[ISN] Experts Tackle Cybercrime

From: mea culpa (jerichoat_private)
Date: Mon May 18 1998 - 17:14:43 PDT

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    Forwarded From: Nicholas Charles Brawn <ncb05at_private>
    By Anjana Ahuja.
    A new research unit aims to clear the blurred boundaries of Internet law. 
    LEGAL experts at Leeds University have started what is thought to be
    Britain's first cyberlaw research unit (Anjana Ahuja writes). Based at the
    Centre for Criminal Justice Studies, the unit will deal with such issues
    as hacking, incitement to violence and stalking on the Internet. 
    The university has also instigated a ten-week course on Internet crime for
    law students, which they hope will blossom into a full-time undergraduate
    degree. "There have been large moral panics over things like child
    pornography on the Internet, and people immediately want to start
    legislating," says David Wall, who set up the unit and course. "The
    problem is that we are imposing legislation on an environment we don't
    really understand. 
    "There are many situations where the law works perfectly well. For
    example, the defamation laws remain the same. Ordinary people can become
    publishers on the Internet, so there are suddenly many more people who are
    capable of defaming."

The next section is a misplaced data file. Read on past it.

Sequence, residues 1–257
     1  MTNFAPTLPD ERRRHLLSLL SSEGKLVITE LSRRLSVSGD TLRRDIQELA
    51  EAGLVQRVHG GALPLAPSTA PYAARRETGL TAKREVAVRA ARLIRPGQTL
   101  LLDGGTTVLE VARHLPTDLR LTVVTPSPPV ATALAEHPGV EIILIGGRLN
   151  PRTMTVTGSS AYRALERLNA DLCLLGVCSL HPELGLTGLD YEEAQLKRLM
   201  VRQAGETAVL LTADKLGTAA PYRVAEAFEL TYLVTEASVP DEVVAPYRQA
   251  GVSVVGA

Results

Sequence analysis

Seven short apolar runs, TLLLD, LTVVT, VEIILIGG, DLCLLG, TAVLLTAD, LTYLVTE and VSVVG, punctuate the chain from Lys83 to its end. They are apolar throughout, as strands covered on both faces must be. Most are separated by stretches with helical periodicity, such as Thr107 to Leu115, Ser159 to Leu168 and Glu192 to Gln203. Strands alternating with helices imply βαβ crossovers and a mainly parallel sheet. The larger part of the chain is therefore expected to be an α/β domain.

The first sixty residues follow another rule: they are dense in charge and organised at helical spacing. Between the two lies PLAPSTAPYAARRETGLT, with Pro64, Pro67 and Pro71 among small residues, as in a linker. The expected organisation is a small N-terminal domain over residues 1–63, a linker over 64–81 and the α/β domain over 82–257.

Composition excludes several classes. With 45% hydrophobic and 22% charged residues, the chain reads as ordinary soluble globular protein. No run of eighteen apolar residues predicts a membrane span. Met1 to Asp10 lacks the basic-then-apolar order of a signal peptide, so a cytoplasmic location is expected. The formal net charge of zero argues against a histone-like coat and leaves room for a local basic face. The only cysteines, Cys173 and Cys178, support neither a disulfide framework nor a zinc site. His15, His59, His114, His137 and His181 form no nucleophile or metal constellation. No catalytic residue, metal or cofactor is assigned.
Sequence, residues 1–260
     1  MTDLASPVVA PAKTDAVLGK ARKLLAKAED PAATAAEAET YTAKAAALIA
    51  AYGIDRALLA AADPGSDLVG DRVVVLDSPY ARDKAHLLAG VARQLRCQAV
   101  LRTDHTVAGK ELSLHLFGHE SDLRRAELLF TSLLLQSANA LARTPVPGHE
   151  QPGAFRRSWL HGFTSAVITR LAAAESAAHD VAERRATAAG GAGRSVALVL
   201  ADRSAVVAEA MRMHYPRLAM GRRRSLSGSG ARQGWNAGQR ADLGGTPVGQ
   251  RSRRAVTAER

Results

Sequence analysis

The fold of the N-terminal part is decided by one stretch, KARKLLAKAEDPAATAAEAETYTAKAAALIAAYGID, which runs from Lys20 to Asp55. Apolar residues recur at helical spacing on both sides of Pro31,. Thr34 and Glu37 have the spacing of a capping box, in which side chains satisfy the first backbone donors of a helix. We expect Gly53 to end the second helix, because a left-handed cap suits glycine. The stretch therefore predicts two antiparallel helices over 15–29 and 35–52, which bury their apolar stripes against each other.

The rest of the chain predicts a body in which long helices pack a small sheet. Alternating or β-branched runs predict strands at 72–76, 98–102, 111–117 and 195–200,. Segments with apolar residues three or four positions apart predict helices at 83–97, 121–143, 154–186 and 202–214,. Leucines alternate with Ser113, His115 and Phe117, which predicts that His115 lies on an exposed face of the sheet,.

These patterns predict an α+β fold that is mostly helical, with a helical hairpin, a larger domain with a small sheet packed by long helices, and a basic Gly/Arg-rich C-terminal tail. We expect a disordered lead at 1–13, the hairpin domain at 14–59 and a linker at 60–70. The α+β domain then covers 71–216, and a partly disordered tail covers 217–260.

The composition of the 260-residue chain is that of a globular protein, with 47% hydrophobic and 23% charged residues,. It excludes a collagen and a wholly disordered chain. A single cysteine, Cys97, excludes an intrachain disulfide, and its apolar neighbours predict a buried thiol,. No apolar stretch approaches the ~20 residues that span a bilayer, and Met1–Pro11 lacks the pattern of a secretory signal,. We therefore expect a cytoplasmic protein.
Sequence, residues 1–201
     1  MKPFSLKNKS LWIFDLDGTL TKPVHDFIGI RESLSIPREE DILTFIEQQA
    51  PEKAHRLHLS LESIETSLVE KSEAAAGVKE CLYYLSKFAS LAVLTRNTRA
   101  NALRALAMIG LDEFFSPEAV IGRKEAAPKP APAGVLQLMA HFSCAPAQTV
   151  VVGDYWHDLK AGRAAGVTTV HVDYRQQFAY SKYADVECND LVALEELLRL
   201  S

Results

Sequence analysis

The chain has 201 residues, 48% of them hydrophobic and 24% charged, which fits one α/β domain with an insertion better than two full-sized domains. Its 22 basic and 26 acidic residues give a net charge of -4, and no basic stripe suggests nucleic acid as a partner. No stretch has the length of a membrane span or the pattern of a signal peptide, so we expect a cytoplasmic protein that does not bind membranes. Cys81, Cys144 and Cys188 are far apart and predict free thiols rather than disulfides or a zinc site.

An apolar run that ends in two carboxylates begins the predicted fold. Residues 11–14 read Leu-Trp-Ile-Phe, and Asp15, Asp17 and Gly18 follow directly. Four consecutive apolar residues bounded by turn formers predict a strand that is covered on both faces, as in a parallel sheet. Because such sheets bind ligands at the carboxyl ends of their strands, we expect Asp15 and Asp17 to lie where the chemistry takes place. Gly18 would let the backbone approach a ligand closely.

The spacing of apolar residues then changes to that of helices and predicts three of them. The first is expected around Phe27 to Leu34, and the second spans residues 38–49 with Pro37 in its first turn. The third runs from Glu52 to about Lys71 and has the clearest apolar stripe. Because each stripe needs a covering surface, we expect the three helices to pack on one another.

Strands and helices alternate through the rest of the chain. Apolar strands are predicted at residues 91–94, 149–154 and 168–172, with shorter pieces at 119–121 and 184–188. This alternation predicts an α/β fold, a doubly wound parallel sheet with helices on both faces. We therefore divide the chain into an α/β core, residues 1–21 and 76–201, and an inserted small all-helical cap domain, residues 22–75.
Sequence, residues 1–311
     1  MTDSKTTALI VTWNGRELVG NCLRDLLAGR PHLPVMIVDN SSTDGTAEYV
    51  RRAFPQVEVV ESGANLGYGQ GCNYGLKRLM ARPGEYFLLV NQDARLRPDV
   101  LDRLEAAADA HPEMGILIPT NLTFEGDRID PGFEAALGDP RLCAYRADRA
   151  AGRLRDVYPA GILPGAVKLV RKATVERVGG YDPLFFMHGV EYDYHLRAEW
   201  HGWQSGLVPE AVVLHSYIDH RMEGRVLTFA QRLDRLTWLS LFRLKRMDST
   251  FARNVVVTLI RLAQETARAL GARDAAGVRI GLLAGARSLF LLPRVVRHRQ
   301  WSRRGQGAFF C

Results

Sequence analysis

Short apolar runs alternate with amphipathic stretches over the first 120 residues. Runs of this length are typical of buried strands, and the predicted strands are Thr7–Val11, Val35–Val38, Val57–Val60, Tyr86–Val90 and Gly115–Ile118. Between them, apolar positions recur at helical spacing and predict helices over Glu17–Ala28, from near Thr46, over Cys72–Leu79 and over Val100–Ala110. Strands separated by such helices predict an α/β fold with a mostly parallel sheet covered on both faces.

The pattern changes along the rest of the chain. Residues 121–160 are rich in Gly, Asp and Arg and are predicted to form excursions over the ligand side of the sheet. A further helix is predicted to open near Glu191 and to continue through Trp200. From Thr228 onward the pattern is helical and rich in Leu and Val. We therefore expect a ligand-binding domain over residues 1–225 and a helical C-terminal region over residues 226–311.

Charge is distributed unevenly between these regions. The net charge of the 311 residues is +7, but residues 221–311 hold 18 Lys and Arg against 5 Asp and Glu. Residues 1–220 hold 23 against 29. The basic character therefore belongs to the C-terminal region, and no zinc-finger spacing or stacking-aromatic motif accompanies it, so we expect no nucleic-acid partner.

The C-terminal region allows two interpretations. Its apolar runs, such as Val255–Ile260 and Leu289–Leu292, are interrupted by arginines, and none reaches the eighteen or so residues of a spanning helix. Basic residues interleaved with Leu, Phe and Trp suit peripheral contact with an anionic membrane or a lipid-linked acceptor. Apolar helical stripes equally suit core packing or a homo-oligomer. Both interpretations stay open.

The boundaries between racist speech and freedom of expression, says Wall,
    are becoming blurred. There must be a balance, because of the danger of
    "counter cultures" developing if the hand of censorship is too heavy. 
    Unofficial Web sites will also come under scrutiny - these are usually
    abhorred by the companies that own the rights to, say, the Teletubbies or
    Oasis, because they are said to devalue the brand. So fans who set up
    cybertemples of worship can find themselves embroiled in legal tussles. 
    Wall says: "The normal avenue is a 'cease and desist' letter from the
    estate or company, but it is unclear what law these unoffical sites
    breach.  Some times the sites aren't in Britain, so what is the legal
    position then?" 
    Hacking is a crucial issue, because of the increasing reliance on computer
    information in national defence and security. Wall sees a world of
    difference between teenage boys trying to break into systems to gain
    status, and professionals trying to perpetrate information warfare. The
    law, however, doesn't. 
    He says: "The Computer Misuse Act deals with people who have broken into
    other systems, but it doesn't look at the damage that is perpetrated once
    the intruder is in." 
    Cyberstalking is another grey area, because people are increasingly
    striking up relationships on the net. These can be covered to some extent
    by law at present, but Wall thinks that electronic stalking is slightly
    Wall is running the unit and course with Professor Clive Walker and Yaman
    Akdeniz; the trio are also writing books on Internet law. The unit is
    beginning to get consultancy work from Internet service providers, who can
    be held responsible if activity on the net falls on the wrong side of the
    law. "We want to develop debate in a terrain that is changing all the
    time," Wall says. 
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